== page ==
It was developed in 1944 as an improvement to the SU-85, built on the same chassis as the T-34-85 tank. It was designed and built at the UZTM (Russian abbreviature УЗТМ for Уральский Завод Тяжелого Машиностроения - Ural Heavy Machinery Factory, also called Uralmash) in Yekaterinburg. The SU-100 quickly proved itself to be among the best self-propelled anti-tank guns of World War II, able to penetrate 125 mm (4.9 in) of vertical armor from a range of 2,000 m (1.2 mi) and the sloped 85 mm (3.3 in) front armor of the German Panther from 1,500 m (0.93 mi). This was quite capable of defeating any German tank in service, for which Soviet soldiers gave it the obscene nickname "Pizdets vsemu" ("Fucking end to anything"). The development was conducted under supervision of L. I. Gorlitskiy, chief designer of all medium Soviet self-propelled guns. The work started in February 1944, and the first prototype of SU-100, called "Object 138", was built in March. After intensive testing with different models of the 100 mm gun, Soviet engineers approved the D-10S gun for mass production. This gun was developed in Constructors Bureau of Artillery Factory No. 9 under guidance of F. F. Petrov. After the Second World War, it was installed on T-54 and T-55 tanks and its derivatives were in service forty years after initial development. The hull of the SU-100 had major improvements over the SU-85; thickness of front the armour plate was increased from 45 to 75 mm (1.8 to 3.0 in), and the commander's workplace was made in a small sponson on the right side of the hull. Combined with the commander's cupola, this greatly improved the commander's effectiveness. For better ventilation, two ventilator units were installed instead of only one as in the SU-85. Mass production began in September 1944.
The SU-100 saw extensive service during the last year of the war. It was used en masse in Hungary in March 1945, when Soviet forces defeated the German Operation Frühlingserwachen offensive at Lake Balaton. By July 1945, 2,335 SU-100s had been built. The vehicle remained in service with the Red Army well after the war: production continued in the Soviet Union until 1947 and into the 1950s in Czechoslovakia. It was withdrawn from Soviet service in 1957, but many vehicles were transferred to reserve stocks. Some exist to this day in the Russian Army holding facilities. Many Warsaw Pact countries also used the SU-100, as did Soviet allies such as Egypt, Angola, and Cuba. The SU-100 saw service in the fighting that accompanied the 1956 Suez Crisis, in which the Egyptians used SU-100s against Israel's M4 Sherman tanks. The vehicle was also utilised in the 1967 Six-Day War and the 1973 Yom Kippur War. It was modified slightly to adapt it to the sandy conditions of the Middle East, thus creating the SU-100M variant. Exported SU-100s continued in service until the 1970s, and in some countries, even later. The SU-100 remains in use by the Vietnam People's Army and the Korean People's Army Ground Force despite the age of the design. SU-100s entered service with the People's Liberation Army (PLA) of China in 1955 after Soviet forces left Dalian. The armaments in Dalian were sold to China, including 99 SU-100s, 18 IS-2 heavy tanks, 16 T-54s and 224 T-34s, with which PLA formed into the 1st Mechanised Division.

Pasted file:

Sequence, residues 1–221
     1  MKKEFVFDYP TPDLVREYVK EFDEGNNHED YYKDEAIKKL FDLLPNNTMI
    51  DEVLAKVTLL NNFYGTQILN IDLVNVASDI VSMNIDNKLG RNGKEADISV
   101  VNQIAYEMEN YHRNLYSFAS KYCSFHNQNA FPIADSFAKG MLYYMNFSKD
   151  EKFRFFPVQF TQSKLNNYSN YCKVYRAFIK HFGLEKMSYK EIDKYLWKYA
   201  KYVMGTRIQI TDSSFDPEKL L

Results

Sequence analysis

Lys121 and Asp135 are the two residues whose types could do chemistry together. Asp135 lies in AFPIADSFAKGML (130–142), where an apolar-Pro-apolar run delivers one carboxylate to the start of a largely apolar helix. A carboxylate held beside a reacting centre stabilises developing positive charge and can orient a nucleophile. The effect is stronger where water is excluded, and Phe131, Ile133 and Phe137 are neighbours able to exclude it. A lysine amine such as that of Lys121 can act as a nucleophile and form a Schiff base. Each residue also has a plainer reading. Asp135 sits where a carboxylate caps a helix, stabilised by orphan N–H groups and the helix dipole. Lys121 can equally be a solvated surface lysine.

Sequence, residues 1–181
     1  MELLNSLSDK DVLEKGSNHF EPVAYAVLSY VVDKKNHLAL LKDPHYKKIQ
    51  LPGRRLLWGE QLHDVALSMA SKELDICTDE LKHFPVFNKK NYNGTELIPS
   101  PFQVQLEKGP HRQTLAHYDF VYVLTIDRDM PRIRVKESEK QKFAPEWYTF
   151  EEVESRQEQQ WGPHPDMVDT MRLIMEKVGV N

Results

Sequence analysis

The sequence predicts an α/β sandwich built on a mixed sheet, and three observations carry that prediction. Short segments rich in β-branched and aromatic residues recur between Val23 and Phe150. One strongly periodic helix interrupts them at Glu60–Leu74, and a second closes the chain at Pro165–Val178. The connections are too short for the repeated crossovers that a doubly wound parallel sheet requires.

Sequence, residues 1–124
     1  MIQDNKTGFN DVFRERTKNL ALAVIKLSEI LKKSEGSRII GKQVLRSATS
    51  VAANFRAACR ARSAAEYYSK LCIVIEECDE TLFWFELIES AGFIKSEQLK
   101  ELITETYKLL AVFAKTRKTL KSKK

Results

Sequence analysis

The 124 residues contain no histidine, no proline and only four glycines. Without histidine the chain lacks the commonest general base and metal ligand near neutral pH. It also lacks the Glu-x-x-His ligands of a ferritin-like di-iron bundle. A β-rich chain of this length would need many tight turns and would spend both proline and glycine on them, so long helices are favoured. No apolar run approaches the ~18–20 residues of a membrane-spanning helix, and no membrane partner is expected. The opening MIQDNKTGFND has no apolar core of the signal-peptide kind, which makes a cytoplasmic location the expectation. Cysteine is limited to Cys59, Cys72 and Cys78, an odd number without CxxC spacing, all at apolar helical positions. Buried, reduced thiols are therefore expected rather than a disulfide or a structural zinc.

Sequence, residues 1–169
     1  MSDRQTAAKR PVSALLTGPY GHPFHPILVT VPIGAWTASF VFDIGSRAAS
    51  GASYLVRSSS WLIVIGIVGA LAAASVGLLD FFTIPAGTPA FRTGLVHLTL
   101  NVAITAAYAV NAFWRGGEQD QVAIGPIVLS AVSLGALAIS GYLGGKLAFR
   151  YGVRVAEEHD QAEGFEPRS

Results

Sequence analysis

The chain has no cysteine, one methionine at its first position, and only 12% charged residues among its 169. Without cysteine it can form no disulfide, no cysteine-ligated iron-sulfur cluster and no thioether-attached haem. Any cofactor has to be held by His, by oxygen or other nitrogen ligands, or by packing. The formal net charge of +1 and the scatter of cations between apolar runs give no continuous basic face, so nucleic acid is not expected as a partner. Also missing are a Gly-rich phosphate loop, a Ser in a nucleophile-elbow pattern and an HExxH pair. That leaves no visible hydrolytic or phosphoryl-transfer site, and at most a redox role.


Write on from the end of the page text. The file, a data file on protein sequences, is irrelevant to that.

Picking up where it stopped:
In popular cultureSoviet tankmen song, which is popular with both Russian armoured soldiers and civilians.
A SU-100 is used by the protagonists in the movie The Misfit Brigade, where it is portrayed as a German tank, possibly because it resembles the Jagdpanzer 38 (t) tank destroyer and the Jagdpanther. Ironically, the film has a scene where the Germans spot one, supposedly captured by the Russians, and proclaim: "That's one of ours! It sure is, and its a terrible paint job. You can still see the cross! ... Ivan's pinched my tank!" The film is also known as Wheels of Terror, based on the book by Sven Hassel.